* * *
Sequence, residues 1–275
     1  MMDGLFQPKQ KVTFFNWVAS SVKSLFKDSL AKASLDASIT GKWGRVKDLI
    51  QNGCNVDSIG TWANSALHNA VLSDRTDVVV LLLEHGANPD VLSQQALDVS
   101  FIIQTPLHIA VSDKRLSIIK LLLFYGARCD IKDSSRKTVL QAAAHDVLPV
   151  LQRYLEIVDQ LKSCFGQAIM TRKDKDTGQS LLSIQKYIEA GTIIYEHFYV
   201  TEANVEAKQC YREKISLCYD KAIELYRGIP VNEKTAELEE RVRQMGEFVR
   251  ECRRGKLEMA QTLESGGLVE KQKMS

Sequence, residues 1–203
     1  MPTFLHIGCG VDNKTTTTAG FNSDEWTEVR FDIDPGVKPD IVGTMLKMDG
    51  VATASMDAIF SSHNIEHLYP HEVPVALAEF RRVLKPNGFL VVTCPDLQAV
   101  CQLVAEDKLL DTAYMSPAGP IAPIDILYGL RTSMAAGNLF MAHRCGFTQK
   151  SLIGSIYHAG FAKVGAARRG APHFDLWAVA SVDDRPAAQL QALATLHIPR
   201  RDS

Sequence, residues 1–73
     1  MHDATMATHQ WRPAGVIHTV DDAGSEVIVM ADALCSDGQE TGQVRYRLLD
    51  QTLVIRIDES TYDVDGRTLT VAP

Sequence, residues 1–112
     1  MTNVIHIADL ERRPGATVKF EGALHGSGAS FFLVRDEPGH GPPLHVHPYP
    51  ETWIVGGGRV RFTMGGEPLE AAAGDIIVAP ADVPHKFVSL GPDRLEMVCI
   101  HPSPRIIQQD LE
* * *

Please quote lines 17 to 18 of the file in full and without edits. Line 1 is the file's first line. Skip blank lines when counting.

Sequence, residues 1–112
     1  MTNVIHIADL ERRPGATVKF EGALHGSGAS FFLVRDEPGH GPPLHVHPYP